Remove scales, apply sunglasses

By Chuck Sigars | May 16, 2012

She Who Shall Not Be Named (oh, forget it: La Niña) is dead. Ding dong, and that’s the polite version.

It’s been hopeless trying to explain to non-Northwesterners how we’ve suffered. Sure, we didn’t have to endure hurricanes or tornados. We didn’t swelter and we only rarely froze. Even floods seemed milder than in past years, although I may have blocked that out.

But they don’t understand, these others. They don’t get the Northwest Dividend, those spectacular days that Nature banks for us, waiting for just the right moment so that our jaws drop and our eyes widen, and we remember why we live here. We’ve learned to be patient, but the past two years have been miserable, and now it’s over.

No matter what happens tomorrow, we’ll remember this 2012 mid-May, when the sun came out and the temperature rose, when all was forgiven and Mother’s Day was perfect.

I spent five or six minutes of our glorious weekend putting on a pair of shorts, thus affirming my personal philosophy: Anything that is theoretically possible, if unlikely, can be achieved depending on how long you are willing to hold your breath.

A little snug, in other words. I tried for a while, walked up to the corner and back, but tight shorts are awkward for anyone and particular somebody old enough to know better. Having the experience of years and a couple of really embarrassing situations, I figured that I probably needed to lose five pounds to be comfortable in these shorts. Maybe eight.

And since that wasn’t going to happen during the afternoon, and there was grass to be mown, I took them off and then glanced at the label, which explained everything.

These were 2009 shorts. I was looking for something in the range of 2011. Makes a difference.

If you weren’t completely dazed by the sun or political news, you might have noticed that recently Duke University researchers made a prediction that had nothing to do with the weather. By 2030, they estimated, 42 percent of Americans will be obese.

First, set the shorts aside and let’s all take a deep breath. This is speculation with a high degree of uncertainty, and a track record suggesting that obesity forecasting tends to be a little exaggerated (but not by much).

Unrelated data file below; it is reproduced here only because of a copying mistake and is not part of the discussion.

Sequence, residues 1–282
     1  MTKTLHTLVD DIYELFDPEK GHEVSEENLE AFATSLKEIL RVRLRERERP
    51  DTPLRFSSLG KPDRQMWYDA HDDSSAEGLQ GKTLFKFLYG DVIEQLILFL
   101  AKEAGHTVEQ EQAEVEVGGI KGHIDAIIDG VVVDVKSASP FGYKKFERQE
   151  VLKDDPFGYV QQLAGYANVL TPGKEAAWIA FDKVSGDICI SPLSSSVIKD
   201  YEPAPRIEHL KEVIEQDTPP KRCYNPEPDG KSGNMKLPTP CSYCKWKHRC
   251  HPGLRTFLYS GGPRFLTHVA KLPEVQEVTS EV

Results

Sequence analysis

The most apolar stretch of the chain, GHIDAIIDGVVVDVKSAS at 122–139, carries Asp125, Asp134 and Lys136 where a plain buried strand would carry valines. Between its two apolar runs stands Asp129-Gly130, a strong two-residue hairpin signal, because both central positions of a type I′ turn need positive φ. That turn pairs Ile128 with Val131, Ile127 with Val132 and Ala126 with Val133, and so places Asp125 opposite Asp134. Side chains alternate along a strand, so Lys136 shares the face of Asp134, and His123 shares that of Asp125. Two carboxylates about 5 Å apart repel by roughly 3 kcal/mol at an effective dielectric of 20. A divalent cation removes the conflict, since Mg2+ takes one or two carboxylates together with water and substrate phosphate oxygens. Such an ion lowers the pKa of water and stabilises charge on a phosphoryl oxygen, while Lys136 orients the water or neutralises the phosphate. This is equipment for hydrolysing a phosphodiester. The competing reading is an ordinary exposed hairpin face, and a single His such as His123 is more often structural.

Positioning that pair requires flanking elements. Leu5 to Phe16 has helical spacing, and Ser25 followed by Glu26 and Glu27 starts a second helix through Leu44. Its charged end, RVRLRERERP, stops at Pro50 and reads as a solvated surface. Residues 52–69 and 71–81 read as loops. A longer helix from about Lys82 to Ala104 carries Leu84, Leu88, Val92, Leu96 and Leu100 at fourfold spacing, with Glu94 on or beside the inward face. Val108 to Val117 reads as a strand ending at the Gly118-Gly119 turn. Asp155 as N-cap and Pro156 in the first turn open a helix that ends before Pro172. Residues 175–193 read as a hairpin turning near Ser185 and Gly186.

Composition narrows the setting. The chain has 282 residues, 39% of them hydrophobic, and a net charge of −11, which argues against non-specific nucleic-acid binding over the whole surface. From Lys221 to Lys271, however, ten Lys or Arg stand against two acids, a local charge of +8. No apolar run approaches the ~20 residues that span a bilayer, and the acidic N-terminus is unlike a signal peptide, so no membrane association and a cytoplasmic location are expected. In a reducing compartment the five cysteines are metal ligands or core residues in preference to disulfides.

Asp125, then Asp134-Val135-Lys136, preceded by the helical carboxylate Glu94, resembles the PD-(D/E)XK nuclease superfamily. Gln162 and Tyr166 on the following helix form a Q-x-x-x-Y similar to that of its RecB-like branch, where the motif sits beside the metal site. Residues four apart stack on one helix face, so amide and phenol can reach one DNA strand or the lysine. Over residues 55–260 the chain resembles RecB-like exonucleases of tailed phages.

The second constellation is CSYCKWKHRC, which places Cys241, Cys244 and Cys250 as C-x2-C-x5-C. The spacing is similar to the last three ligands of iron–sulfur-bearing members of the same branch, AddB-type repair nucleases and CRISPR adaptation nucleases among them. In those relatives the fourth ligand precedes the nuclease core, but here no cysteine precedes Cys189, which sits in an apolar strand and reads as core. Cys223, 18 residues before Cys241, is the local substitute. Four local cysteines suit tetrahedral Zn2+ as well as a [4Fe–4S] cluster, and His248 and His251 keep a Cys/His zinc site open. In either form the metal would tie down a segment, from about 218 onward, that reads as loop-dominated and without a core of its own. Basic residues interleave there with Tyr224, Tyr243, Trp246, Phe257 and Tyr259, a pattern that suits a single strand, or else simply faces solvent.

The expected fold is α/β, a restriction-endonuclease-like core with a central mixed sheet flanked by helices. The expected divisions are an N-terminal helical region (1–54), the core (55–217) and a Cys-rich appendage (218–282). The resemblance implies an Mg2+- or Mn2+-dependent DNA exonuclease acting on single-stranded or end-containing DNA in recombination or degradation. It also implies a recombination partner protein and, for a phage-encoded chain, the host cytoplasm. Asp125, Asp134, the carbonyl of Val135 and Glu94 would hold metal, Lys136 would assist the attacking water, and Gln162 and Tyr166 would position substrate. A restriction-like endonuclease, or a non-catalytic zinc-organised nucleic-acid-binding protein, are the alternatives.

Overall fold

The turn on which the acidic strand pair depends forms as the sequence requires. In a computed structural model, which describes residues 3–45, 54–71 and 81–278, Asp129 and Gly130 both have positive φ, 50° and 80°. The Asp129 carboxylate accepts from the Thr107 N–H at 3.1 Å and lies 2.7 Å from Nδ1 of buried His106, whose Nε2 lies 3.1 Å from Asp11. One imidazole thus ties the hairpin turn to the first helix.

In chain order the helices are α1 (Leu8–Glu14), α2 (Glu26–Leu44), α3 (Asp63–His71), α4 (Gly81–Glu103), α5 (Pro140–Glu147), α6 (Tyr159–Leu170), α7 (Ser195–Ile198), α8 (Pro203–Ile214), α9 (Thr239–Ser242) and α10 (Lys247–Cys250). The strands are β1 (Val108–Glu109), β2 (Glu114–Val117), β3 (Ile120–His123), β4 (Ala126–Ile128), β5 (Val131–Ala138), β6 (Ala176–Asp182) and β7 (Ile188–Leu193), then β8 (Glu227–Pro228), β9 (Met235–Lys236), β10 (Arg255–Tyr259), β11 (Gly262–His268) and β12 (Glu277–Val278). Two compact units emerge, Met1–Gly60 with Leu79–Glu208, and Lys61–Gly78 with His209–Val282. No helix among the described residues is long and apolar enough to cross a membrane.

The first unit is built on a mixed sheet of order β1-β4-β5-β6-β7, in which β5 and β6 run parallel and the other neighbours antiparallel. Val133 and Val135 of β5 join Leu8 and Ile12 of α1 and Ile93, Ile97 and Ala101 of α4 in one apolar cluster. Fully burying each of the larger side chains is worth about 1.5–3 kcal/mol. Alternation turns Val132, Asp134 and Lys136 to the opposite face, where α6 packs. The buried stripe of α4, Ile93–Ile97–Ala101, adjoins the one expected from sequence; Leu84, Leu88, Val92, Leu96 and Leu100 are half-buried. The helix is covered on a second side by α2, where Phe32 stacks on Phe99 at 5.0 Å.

Secondly, it’s not a staggering increase. Around 36 percent of us were obese in 2010.

Finally, even though we all know about the medical costs of upsizing, “obese” is a loaded term that might not mean what you think it means. It’s based on the Body Mass Index (BMI), itself sort of problematic.

Essentially it’s just the next category after “overweight” and the one before “very obese,” leaving a lot of room to get upset. I’m at what is considered to be a normal weight, and I’d be “obese” if I gained only 40 pounds, which can happen between Halloween and Christmas, easy (I have pictures).

But whatever we decide to call the differently waisted among us, it looks like the number is going up. Not that I need to tell you that. I don’t have a solution, or a strong theory, or even an idea if it’s as bad as we’re told it is.

I just wanted to wear shorts, and I was glad to clear that up. In the summer of 2009, I managed to lose 10 pounds or so unintentionally, probably the result of busyness and stress. I made a cross-country trip that year, and also saw a daughter get married. Something had to give, and that summer it was my appetite. I bought new shorts.

I stepped on the scale when I got back from the wedding, so I have a rough idea what I weighed that summer. And I have a rough idea of what I weigh now, by which I mean an imaginary idea, which is about 10 pounds more than in 2009. Correlating with my feeling about snugness, etc. Case closed.

The point is, I gave up stepping on the scale nearly a year ago, and I have no intention of doing so in the near future. It became sort of abstract, like staring at the word “sausage” for too long; eventually the numbers didn’t represent anything.

So I rely on the kindness of waistbands, not just the flexible sort. If a certain pair of jeans gets too tight, I need to cut back. The mirror also comes in handy, as does a neighbor of mine, who starts calling me “big guy” when I’ve been too indulgent, although I’m pretty sure he’s unaware of this.

Life is too short, in other words, to let numbers bother me. The weather’s too nice right now, anyway, and I found more comfortable shorts. Here’s to more sun and warmth, then, and to the long overdue end of La Niña, and to those of you who are still looking at “sausage”? Stop.

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